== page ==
But after looking throught the piles of mouse-poop and dust (this is really a filthy labor of love) I say, "YOU WERE WRONG, ESTATE SCAVENGERS!"

There are plenty of great things in the basement. Like this lovely toilet-lid-shaped clock! What were they thinking leaving this monument to masculine culture down there? Finders kepers, my adversaries, finders keepers.

Now, we move onto the wet bar. Not much to look at. The water isn't running to the sink, but I think I can rework it. The biggest problem with the bar is that it is only full of silly things like 1950's radios and not full of the important things like booze. My picture was horrifying. You'll just have to wait.
No matter.

And finally, for the day, me. This picture was taken in my favorite, yet non-functional bathroom. There is a lot of work that needs to be both the bathroom and the dame in the mirror.

What'd I tell ya? June Cleaver would be crying into her martini if she saw what half-a-century had done to domestic culture.
I'm considering myself as the ultimate work-in-progress. That's it for today. So many wonders, yet not enough time between kids, gym, laundry, etc.

Monday, February 28, 2011

Going Nuclear: June Cleaver Revisited

So it's been a whirlwind of a year thus far: We moved from sunny Florida to snowy Washington, and now we are still on the hunt for jobs. Eric finally scored one, thanks to friends, and that leaves just me, sitting in our newly acquired retro home, sniffing out all job prospects. I had the audacity to whine about being unemployed, a comment that prompted Eric to remind me that only folks that HAVE been employed within the last few years can call themselves unemployed.

What does that make me, then?


Okay, I'm a mom. A stay at home mom. The WORST ever. My children are seldom clean, they are either over or underfed. The house is always in a state...well, let me put it this way: The apocalypse would go unnoticed. But not any more!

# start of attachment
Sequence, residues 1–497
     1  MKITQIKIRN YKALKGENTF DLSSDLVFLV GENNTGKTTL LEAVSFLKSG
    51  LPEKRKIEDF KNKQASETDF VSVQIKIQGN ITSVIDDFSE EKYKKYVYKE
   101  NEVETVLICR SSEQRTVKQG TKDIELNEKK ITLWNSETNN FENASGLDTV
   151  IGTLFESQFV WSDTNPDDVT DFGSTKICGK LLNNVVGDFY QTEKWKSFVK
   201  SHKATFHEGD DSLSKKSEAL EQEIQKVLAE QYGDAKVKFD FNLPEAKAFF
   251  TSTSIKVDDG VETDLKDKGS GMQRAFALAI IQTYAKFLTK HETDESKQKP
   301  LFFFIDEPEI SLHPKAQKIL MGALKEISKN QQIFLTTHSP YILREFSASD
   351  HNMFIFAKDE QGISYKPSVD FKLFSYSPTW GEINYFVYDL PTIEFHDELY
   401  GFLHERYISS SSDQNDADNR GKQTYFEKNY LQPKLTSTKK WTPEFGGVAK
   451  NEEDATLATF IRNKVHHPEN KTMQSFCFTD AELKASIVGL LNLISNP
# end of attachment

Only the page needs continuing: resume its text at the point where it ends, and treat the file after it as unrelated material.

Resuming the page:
And it all started with dog pee.

It started when I found that our two-inch shag carpet had been soiled by our heathen of a dog. As I was looking down in the dark and scary basement, I found boxes and boxes of magazines. But not just any magazines, vintage Sally homemaker magazines, recipes, and newspapers dating as far back as 1925!

As I was sitting amongst the June Cleaver files, I thought, "What a wonderful assortment of domesticity! I should give them to someone who cares." I have never cooked anything from a recipe. I don't wear nylons, much less use them creatively when I'm done with them. This made me wonder if Rose Norton, the antithesis of June Cleaver, could fill her stilettos.

I'm gonna.

I will embrace my inner June cleaver! I WILL make it a point to depart from my sweatpants. DAILY. I WILL BLOG ABOUT IT!

Starting tomorrow, March 1st, I will attempt the near impossible. Here is the "to-do" list:

*Feed the children 3 quality meals a day.
*Maintain the home and redecorate with all of the vigor and zest of June Cleaver.
*"Reduce" by way of the diet fads of old.
*Begin implementing proper language and practice civility in the home.
*Have a cocktail party for every major American holiday.
*Go shopping once a week in high heels and pearls.
*Refurbish, stock and effectively use the poor, old wet bar in the den.
*Wear an apron.

I'm going to embrace my inner June Cleaver and shed my otherwise woefully inadequate domestic nature, or die trying (granted, death by pearls, hairnets and Karo syrup is an interesting way to go). I'll also offer up my favorite ads from my magazines, newspapers, and interwebs to show just how far we've really come. And here's the real kicker: I'm going to try this for one whole year ( *Pangs of anxiety already setting in*).

Think I can do it? Think I can be that fabulous retro mom? Me niether. Good God, this sounds like a train-wreck. Nevertheless, I'll give it a go.